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superstition wilderness anchors
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By Hugo Almanza
From Phoenix,AZ
Feb 24, 2013
morrells wall

I was curious if anyone knew of the last time the fixed anchor situation had been negotiated with the land manager? I know the ban was quite some time ago.


Thanks for your time.


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By manuel rangel
From Tempe, Arizona
Feb 24, 2013
Trying to redpoint The Ugly 11c; steeper than it looks and the rock is scary in spots but good enough.

The Superstition Wilderness had a ban on any bolting. The NFS bans power drills (anything mechanized is banned) but not hand drills for bolting in wilderness.

Supes are hands off officially but I don't think you would have a route chopped by rangers. What you got in mind?


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By KevinF
From Granby, CT
Feb 24, 2013

manuel rangel wrote:
Supes are hands off officially but I don't think you would have a route chopped by rangers. What you got in mind?


Rangers may not chop the route, but they may chop access. Seems like reckless logic to me.


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By ErikF
Feb 24, 2013

So far the local admin folks in the Tonto National Forest have held to the precedent set in the Manning Directive of 1998 from the US Department of Agriculture, which greatly limits fixed anchors in a designated wilderness without a negotiated climbing management plan.

If someone wants a copy of that directive written at the time by Deputy Director Gloria Manning, please email or pm me and I'll figure how to get the .pdf I have into your hands.

Please remember that locally some land managers have in fact banned climbing, e.g., the Maricopa County Parks at the Santans and the White Tanks. Scottsdale has instituted climbing managements plans in its parks and preserves that are basically "no new bolts in new locations." We need to move carefully and respectfully.

Indeed, it appears that local land managers have a fair amount of discretion to ban activities they deem inconsistent with their mission and resources and the folks overseeing the Superstition Wilderness have remained fairly strict on what they consider consistent with their mission and therefore appropriate land uses.


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By Hugo Almanza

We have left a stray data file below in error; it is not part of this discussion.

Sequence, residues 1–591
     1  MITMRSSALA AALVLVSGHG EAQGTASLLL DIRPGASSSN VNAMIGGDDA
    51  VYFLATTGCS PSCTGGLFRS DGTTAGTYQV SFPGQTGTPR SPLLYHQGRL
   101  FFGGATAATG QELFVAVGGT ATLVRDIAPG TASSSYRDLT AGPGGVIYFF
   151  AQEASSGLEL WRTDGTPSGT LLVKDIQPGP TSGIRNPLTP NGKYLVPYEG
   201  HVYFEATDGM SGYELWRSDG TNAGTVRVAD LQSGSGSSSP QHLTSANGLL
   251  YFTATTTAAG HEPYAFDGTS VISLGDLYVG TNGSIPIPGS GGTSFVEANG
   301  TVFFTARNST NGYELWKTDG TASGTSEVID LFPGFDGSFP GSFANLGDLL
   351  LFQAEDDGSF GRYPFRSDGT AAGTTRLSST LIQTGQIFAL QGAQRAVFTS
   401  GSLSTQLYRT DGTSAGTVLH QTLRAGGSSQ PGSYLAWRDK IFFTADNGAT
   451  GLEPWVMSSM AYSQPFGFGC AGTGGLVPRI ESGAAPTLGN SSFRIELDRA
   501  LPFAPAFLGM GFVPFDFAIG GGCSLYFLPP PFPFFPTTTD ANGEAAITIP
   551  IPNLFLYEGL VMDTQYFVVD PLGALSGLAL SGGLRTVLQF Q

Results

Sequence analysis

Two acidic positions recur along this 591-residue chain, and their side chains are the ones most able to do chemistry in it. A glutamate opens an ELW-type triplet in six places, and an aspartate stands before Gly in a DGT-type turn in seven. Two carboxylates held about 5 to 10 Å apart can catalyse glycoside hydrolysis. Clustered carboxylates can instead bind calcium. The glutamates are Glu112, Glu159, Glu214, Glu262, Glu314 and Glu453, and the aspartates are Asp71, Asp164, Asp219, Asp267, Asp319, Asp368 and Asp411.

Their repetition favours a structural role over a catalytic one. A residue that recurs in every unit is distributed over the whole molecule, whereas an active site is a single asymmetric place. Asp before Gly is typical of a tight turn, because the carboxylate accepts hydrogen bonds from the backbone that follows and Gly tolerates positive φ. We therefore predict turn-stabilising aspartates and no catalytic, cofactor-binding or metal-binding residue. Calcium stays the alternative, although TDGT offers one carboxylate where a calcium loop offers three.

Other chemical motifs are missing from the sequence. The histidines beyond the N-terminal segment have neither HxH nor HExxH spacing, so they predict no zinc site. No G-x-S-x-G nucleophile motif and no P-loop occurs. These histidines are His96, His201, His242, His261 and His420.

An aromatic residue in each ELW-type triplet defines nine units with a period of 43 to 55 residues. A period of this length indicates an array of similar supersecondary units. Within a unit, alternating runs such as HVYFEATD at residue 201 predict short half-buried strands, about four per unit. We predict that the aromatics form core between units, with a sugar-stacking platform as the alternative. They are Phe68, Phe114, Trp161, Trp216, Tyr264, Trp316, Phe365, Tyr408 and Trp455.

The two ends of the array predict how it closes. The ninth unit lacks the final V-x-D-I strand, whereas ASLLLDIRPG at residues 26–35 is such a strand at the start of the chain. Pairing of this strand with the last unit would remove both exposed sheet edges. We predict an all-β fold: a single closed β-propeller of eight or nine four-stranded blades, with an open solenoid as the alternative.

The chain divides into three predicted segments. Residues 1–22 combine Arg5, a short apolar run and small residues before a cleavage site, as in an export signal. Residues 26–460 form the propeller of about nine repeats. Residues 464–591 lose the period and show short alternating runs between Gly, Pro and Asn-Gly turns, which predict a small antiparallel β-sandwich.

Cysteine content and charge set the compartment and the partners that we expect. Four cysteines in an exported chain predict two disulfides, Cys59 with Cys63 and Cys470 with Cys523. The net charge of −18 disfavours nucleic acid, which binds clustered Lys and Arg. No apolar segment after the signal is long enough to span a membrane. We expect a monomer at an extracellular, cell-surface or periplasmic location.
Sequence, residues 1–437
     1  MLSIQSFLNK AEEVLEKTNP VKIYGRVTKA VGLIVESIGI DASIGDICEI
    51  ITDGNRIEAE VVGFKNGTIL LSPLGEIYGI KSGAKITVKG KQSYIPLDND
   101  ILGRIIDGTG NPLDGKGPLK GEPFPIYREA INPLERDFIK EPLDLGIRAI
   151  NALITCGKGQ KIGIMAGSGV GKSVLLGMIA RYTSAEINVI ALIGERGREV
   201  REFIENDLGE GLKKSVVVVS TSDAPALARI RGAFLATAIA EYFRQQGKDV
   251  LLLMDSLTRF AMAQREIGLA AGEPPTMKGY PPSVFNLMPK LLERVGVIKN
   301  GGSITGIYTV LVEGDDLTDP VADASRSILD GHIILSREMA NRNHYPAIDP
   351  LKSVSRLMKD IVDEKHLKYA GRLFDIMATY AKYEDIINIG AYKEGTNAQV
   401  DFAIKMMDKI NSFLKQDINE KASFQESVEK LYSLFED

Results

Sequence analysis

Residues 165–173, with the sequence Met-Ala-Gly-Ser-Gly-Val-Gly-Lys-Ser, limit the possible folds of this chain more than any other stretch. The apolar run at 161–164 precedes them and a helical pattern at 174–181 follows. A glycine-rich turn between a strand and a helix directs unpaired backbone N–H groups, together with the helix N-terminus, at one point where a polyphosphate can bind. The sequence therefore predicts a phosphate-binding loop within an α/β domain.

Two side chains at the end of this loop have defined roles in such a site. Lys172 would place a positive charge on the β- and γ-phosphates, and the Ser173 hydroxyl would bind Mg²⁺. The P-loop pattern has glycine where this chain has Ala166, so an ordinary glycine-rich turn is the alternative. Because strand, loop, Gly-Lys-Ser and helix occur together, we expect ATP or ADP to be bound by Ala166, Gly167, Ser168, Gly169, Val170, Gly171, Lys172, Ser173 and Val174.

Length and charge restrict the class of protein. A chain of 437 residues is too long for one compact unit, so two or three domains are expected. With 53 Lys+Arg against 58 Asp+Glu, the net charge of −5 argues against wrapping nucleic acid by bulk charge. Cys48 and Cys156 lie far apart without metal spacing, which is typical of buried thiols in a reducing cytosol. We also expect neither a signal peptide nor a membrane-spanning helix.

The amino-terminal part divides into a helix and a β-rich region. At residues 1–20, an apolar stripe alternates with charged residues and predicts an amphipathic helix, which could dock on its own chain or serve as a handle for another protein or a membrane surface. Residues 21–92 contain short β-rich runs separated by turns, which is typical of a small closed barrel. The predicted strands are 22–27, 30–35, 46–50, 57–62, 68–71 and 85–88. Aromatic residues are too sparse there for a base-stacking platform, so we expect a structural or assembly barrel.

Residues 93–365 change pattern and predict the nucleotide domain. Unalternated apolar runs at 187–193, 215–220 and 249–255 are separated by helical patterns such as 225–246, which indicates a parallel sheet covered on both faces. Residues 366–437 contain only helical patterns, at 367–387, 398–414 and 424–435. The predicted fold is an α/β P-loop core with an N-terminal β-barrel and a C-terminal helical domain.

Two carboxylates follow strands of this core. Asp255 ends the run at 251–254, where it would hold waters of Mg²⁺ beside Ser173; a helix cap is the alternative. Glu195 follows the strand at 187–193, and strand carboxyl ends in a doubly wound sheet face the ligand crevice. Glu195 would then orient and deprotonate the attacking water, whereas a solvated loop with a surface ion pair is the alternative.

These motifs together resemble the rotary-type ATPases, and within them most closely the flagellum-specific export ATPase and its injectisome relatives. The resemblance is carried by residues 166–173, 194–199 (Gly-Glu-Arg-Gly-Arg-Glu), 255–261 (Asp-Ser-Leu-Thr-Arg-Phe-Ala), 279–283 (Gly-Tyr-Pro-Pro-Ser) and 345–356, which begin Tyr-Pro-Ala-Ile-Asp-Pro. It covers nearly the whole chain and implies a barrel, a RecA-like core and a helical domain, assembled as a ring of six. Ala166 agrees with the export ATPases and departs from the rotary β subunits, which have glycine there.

From Phoenix,AZ
Feb 24, 2013
morrells wall

Thanks Erik,

I was curious because it seems like there can be a reasonable and sustainable way to achieve a management plan that's beneficial for all parties. I'll shoot you a message. Is anyone else interested on working on developing a proposal and climbing management plan for the area?


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By manuel rangel
From Tempe, Arizona
Feb 25, 2013
Trying to redpoint The Ugly 11c; steeper than it looks and the rock is scary in spots but good enough.

In this month's Climbing Magazine I read that by this summer a NPS climbing management plan will be released. They go on to say the Forest Service may use it as well.

Kevin, I wasn't logical in my comments. Neither are the Supes management. We approached them a few years ago about replacing worn anchors and they denied us. I mentioned the bolted bench at the base of one of the most popular towers in the Supes, The Hand. I asked why it was ok to bolt a bench at the base of the rock we want to work on. Their answer: they're studying what to do about it.

It is the manager's personal decision, as Erik pointed out, to not allow any bolting in the Supes. Other wilderness areas do allow it as long as it is by hand.


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By Blackmore
Mar 3, 2013

just bolt it in the middle of the summer when it is 110, in the middle of the night. There was something on the books long time ago and sad that it was ok to replace old bolts by hand not motorized.


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